The current survey of Steve McQueen’s work at Tate Modern – which has closed its doors early due to the COVID-19 crisis – ostensibly picks up where the last survey left off. Remarkably, given the artist’s international standing as both artist and film director, this was over twenty years ago, at the Institute of Contemporary Arts, London, in 1999. The display contains fourteen video works and one slightly anomalous 24-carat gold sculpture, displayed in the near-darkness of a nightclub. Although this appears fairly modest for a Tate retrospective, the collective duration of the works is almost four hours, to which visitors could add a significant percentage of time spent queuing between screens.
Two films are projected in the central atrium. The first, Static (2009), is a seven-minute aerial shot of the Statue of Liberty in New York FIG. 1. The camera circles her and the noise of the helicopter borders on offensively loud. The sound of the blades becomes like static from a radio; the feedback plus the shaky camera makes for a dizzying uncomfortable experience. The second, Once Upon a Time (2002), is a looped projection of images selected by NASA to represent life on Earth to extra-terrestrial life-forms, set against a soundtrack of Glossolalia.
There are no new works on display; Steve McQueen’s Blue-chip representation has meant regular gallery exhibitions of his work over the years,1 alongside his burgeoning career as a Hollywood filmmaker. It is the balance of these two approaches to image-making and a deep investigative attitude about his adopted medium that makes McQueen so singular. And something that persists in both his video works and feature films is a preoccupation with the darker elements of the human condition. Be it shame, hunger, death, pain, pleasure or slavery, McQueen’s subjects are universal in their appeal.
McQueen’s occupation of the uneasy hinterland between cinematic film and video art prompts questions of definition: not necessarily what it is that we are watching, but rather how do we watch? While acknowledging cinema's mainstream function to translate narrative, McQueen's films also test our human faculties as viewers. In Exodus (1992/97), the earliest film in the show, for example, objects drift in and out of focus, a red London bus grabs our attention one second, followed by a flash of green on our periphery, a sound distracts us the next, in much the same way as visual and aural elements might in real life. The action hints at narrative in that we are presented with characters and context, but here, for McQueen, sound and image are more than just the formal elements of the medium, they are protagonists, while character and plot are perhaps supporting actors.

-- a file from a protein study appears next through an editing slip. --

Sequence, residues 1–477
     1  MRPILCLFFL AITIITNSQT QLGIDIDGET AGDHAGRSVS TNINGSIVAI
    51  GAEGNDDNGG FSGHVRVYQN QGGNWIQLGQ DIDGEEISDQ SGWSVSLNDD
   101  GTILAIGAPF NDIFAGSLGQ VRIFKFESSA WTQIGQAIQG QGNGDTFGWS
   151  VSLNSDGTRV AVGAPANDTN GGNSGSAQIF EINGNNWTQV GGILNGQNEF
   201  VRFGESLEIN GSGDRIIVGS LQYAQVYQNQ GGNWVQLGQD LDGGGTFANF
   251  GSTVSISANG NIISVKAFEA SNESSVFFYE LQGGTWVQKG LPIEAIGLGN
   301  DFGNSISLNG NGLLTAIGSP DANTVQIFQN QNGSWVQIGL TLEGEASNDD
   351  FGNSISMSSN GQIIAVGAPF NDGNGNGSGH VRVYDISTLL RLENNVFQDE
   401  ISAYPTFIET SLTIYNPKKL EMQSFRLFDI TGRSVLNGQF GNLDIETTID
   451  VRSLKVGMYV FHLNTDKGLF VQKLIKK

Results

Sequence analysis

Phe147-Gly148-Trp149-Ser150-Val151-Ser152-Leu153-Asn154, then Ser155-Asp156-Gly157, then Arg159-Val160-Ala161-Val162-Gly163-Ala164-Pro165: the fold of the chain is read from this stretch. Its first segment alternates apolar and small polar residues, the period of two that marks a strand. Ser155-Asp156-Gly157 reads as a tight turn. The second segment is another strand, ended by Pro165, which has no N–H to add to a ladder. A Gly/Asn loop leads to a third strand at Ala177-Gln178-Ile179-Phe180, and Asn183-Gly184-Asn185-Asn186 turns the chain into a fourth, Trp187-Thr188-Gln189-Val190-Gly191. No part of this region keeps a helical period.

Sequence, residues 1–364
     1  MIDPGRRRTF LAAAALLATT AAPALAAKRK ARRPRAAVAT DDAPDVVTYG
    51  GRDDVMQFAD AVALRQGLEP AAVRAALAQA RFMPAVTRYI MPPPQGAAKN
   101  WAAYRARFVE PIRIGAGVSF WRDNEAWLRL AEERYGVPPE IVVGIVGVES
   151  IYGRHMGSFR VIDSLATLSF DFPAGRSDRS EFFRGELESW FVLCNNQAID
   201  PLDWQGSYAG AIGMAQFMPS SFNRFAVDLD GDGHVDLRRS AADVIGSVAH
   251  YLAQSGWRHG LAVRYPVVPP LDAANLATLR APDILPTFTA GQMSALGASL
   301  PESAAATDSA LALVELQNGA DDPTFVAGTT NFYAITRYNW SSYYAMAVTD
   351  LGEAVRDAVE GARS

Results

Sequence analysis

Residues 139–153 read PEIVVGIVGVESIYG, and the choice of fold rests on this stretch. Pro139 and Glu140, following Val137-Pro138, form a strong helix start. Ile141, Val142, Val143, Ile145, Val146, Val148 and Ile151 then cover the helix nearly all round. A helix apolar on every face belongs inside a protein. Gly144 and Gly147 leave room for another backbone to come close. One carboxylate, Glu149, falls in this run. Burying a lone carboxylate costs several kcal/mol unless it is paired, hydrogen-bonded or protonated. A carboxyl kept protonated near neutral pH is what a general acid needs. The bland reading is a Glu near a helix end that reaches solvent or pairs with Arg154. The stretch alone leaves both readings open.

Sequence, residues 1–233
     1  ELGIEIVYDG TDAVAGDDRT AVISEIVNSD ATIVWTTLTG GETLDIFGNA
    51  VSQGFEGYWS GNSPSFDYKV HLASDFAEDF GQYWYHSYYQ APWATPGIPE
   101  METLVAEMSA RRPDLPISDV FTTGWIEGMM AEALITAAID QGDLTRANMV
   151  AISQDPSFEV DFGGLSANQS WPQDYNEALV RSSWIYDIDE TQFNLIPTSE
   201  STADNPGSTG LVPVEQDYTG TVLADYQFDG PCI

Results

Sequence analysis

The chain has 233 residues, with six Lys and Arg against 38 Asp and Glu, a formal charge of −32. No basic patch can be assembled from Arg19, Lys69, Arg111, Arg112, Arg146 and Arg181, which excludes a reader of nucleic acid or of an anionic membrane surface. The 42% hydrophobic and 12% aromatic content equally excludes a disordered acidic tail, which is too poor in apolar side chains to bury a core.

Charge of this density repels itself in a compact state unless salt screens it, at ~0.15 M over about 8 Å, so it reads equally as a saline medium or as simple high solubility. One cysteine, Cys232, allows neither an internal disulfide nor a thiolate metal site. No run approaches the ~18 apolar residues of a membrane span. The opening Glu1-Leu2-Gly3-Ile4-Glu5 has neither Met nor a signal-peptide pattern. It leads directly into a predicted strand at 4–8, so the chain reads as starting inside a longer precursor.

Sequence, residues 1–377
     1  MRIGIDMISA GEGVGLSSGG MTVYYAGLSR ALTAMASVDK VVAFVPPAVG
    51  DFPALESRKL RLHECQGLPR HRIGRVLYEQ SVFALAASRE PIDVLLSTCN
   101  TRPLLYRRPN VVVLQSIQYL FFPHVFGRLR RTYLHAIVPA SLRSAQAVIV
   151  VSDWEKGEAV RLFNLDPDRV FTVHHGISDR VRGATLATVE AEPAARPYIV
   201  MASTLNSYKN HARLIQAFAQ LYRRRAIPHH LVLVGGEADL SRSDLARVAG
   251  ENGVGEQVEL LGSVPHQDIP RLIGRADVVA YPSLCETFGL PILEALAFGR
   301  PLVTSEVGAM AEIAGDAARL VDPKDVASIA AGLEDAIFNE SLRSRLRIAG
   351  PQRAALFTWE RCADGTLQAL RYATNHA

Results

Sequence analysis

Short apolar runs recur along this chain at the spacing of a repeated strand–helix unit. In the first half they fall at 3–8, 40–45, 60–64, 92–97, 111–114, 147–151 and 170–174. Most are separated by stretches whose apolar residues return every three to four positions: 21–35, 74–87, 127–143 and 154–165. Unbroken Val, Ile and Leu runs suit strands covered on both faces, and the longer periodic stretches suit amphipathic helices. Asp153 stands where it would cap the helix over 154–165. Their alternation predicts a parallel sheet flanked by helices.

In some capacity all his films interrogate this interplay between sound and image. Some are exclusively visual, as in Cold Breath (1999), in which McQueen tugs and rubs his own nipple for ten increasingly uncomfortable minutes, while others such as 7th Nov (2001), a monologue by McQueen’s cousin about his accidental killing of his brother FIG. 2, take the form of oral testimonials. McQueen confidently deconstructs our understanding of the medium. Once Upon a Time, for instance, is essentially a slideshow with a backing track, illustrating that all films are comprised of a series of stills. Many of the images incorporate an element of time-telling: the trajectory of a gymnast’s cartwheel on a bar is annotated on top of the still in seconds FIG. 3. The slideshow/the images are found objects – fabricated by the American government as a diplomatic telegram to alien civilisations, a brief introduction to life on earth. How exactly NASA expected life-forms from another galaxy to interpret these images (technologically as well as contextually) remains unexplained, but they highlight the limitations of the purely pictorial communication of information in single static images. The unintelligible soundtrack shows the limitations of aural communication too.